When the Tail Wags the Dog
By Ed Delph
July 18, 2022
The following testimony is by author/speaker Ty Bennett. What Mr. Bennett says in this short testimony is a life-lifting principle for those who put what he says into practice.
“What is the best advice you have ever received? For example, a coach told you, "When you quit, you fail." Or maybe a friend said, "It's ok to say no." Or perhaps it was your mother who told you to wear clean underwear.
In any case, advice from the right person at the right time can often change our perspective. That happened to me the first time I met Dr. Stephen Covey. At first, the advice he gave me seemed specific, but I have found his advice applies to almost everything and has shaped my mindset.
When Stephen Covey found out I was writing a book, he said, “Make sure you write the book for the reader, not the writer.” Let that soak in. It's excellent advice for a writer or speaker. I have thought about it often as I have written my four books.
But the thought has more application when you think about it as a mindset. It's not about you – it's about the reader!
The focus of an influencer is always on the audience. If you are a speaker – it’s about the people listening to you. If you are in sales – it’s about your customer or prospect. If you are a leader – it’s about the people you lead. If you are a teacher – it’s about your students. If you are a parent – it’s about your children.
Almost every influencer has this backward. They think being influential means they need to become polished or powerful. Influence, though, is all about the audience. Be it an audience of one or one thousand. They get it when it's about them, and we grow in their eyes.
A tremendous transformation takes place by thinking 'out' instead of 'in,' concentrating on others instead of on us. We go from inner-directed to outer-directed, from a taker to a giver, from self-centered to others-focused, from tightfisted to generous, from shortsighted to farsighted, and from selfish to selfless. We begin to see and act on behalf of others' needs ahead of our own. Our thoughts become more 'we' instead of 'me.'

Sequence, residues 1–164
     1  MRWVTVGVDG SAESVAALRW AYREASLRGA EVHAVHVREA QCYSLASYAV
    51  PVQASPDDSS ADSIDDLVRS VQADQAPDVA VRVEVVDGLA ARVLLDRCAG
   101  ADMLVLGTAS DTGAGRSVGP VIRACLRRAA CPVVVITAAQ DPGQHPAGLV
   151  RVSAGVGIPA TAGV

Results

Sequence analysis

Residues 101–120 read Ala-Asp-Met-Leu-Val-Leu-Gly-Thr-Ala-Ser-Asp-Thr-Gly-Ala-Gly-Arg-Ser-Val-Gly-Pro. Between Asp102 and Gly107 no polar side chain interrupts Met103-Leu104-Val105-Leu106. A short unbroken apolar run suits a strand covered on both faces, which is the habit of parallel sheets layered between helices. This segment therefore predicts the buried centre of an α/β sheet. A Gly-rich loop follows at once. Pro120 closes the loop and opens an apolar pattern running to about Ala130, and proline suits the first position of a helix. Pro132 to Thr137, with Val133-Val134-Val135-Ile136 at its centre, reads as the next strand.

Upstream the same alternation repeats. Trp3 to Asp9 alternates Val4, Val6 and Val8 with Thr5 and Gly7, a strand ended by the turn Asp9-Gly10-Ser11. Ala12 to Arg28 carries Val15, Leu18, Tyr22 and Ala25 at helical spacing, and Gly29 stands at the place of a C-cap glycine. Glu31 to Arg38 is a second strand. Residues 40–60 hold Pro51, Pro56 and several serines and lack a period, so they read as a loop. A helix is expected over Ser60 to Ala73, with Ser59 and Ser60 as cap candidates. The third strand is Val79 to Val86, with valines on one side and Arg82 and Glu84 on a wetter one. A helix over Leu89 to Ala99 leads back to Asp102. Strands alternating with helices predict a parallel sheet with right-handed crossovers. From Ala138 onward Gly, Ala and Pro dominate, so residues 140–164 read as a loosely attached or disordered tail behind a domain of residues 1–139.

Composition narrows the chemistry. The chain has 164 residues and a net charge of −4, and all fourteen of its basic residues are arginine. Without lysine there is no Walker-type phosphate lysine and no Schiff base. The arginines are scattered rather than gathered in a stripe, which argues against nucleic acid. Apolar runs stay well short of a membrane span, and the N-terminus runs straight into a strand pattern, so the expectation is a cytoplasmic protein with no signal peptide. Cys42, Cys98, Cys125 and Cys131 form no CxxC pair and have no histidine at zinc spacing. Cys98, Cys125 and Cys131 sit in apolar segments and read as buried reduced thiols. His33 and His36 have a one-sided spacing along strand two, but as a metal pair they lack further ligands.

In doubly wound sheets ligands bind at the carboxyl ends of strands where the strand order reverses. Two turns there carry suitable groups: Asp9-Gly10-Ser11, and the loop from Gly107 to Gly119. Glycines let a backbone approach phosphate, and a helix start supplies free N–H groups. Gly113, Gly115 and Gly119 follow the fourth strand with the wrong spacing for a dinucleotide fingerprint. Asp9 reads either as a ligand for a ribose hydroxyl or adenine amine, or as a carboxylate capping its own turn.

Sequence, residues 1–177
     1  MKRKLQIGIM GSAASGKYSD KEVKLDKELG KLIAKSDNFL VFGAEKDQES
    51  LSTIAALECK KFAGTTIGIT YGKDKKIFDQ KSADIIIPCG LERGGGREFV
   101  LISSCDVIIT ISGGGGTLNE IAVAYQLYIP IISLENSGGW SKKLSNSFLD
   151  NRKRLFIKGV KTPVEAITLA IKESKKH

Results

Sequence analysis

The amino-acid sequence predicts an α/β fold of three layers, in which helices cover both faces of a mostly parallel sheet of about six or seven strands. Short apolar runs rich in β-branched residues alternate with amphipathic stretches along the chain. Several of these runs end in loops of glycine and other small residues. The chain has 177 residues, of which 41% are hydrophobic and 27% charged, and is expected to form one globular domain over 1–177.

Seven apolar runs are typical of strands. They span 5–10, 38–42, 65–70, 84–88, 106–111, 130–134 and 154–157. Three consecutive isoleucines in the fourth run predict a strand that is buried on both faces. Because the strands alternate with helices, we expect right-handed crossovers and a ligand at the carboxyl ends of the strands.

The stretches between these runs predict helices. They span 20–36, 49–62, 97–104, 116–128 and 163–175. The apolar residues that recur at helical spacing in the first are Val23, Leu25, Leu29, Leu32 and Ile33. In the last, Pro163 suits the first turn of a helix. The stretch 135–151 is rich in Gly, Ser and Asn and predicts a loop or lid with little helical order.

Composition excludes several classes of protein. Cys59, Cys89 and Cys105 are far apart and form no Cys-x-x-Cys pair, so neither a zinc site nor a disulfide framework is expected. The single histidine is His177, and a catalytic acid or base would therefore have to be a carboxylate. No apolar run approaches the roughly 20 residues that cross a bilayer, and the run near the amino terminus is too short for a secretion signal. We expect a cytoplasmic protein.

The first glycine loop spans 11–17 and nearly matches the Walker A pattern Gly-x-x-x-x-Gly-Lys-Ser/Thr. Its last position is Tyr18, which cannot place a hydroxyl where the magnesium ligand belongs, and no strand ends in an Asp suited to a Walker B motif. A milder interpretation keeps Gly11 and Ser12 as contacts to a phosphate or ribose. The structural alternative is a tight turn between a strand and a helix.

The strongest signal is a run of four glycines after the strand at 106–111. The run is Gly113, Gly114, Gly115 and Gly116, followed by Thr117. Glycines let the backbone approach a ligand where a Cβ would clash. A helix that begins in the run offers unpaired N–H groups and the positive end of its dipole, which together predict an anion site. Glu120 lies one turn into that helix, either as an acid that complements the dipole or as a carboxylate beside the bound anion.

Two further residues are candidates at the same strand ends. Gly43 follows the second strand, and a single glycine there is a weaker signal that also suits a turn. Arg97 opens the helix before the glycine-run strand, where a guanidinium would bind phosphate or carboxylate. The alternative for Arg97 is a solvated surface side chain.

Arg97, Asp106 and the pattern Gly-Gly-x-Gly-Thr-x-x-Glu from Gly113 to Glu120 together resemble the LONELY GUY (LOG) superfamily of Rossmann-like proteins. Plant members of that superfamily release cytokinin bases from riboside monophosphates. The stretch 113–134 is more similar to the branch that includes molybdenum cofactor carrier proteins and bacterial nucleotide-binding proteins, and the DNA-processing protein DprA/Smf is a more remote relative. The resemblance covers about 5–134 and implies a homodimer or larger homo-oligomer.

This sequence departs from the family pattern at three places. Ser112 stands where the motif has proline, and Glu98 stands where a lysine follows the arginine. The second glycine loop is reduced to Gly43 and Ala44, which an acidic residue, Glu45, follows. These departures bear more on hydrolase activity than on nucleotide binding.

That’s what Stephen Covey taught me with what seemed to be a simple piece of advice. "Make sure you write the book for the reader, not the writer.”
Last October, I had the privilege of speaking at Primus University at their annual conference. I created a class for the university students entitled, ‘How to Write Your First Book So It Won’t Be Your Last Book.’ The very first thought I presented was the following.
People buy books for their sake, not your sake. They are the customer; you supply the product. Writing a book aims to communicate and add value to people's lives. Connect the message with the audience. Don’t preach or show off your supercalifragilisticexpialidocious knowledge. Instead, aim for oneness with yourself and the writer. Ask yourself, “Am I communicating with my readers, in heart, mind, and soul?” Transformation starts with communication.
My thought about writing is the same as Ty Bennett’s thought. You help yourself by helping others. You serve yourself by serving others. Using others to your end, especially as a writer, speaker, educator, or public servant, is like the tail wagging the dog. You can’t turn people on if they want to turn you off.
In John 17:26, Jesus is praying to the Father. "…and I have made Thy name known to them and will make it known …" Let me paraphrase what Jesus is saying here. "Father, I didn't come to make myself known. I came to make you known. It's not about me. It's about you. I'm not serving myself; I’m serving you.”
In Romans 1:1, Paul writes to the church in Rome, saying, "Paul, a bondservant of Christ Jesus, called as an apostle ..." Notice Paul says he was a servant of Christ and to others first before he was an apostle. So many in our culture today hide behind a title or office, serving themselves and their self-serving agenda as first, and the people they were elected, hired, appointed, or called to serve second. They have uphill aspirations but downhill mindsets, agendas, and habits. That's a lose-lose for everyone.
Someone recently posted this idea on Facebook for the church world. Jesus was speaking, “Well done, my good and faithful…
You could also say this about other cultural influencers intoxicated with their titles and agendas. “Well done…
Here's a reality that is unfortunate but true. Most people don’t lead their life. They accept their life. That’s why they need trustworthy, truthful, and caring servant leaders to inspire and lift them in business, church, government, media/entertainment/arts, and education.
So, you public or private servants of any type, consider the four questions people want to know beforehand for a trust relationship to form. Do you really like me? Can you help me? Can I trust you? Will you add value to my life?
In other words, will the tail wag the dog, or the dog wag the tail?
Ed Delph is a leader in church-community connections.
Visit Ed Delph's website at www.nationstrategy.com